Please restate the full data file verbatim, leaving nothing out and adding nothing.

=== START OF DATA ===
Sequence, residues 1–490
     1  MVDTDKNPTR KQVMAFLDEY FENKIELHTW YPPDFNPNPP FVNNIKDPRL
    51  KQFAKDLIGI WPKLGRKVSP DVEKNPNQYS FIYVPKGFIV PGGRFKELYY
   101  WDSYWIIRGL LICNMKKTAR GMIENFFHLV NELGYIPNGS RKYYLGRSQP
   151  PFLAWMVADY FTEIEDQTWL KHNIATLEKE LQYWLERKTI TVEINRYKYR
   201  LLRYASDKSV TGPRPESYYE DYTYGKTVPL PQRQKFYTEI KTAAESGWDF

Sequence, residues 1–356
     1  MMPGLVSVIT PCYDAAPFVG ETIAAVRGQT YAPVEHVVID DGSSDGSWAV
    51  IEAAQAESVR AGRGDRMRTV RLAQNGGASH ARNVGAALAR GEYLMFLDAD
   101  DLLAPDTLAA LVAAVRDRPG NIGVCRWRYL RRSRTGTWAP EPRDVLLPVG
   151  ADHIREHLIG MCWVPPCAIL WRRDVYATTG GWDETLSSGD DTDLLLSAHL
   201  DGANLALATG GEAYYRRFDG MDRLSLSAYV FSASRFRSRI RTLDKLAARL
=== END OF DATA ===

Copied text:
Sequence, residues 1–490
     1  MVDTDKNPTR KQVMAFLDEY FENKIELHTW YPPDFNPNPP FVNNIKDPRL
    51  KQFAKDLIGI WPKLGRKVSP DVEKNPNQYS FIYVPKGFIV PGGRFKELYY
   101  WDSYWIIRGL LICNMKKTAR GMIENFFHLV NELGYIPNGS RKYYLGRSQP
   151  PFLAWMVADY FTEIEDQTWL KHNIATLEKE LQYWLERKTI TVEINRYKYR
   201  LLRYASDKSV TGPRPESYYE DYTYGKTVPL PQRQKFYTEI KTAAESGWDF

Sequence, residues 1–356
     1  MMPGLVSVIT PCYDAAPFVG ETIAAVRGQT YAPVEHVVID DGSSDGSWAV
    51  IEAAQAESVR AGRGDRMRTV RLAQNGGASH ARNVGAALAR GEYLMFLDAD
   101  DLLAPDTLAA LVAAVRDRPG NIGVCRWRYL RRSRTGTWAP EPRDVLLPVG
   151  ADHIREHLIG MCWVPPCAIL WRRDVYATTG GWDETLSSGD DTDLLLSAHL
   201  DGANLALATG GEAYYRRFDG MDRLSLSAYV FSASRFRSRI RTLDKLAARL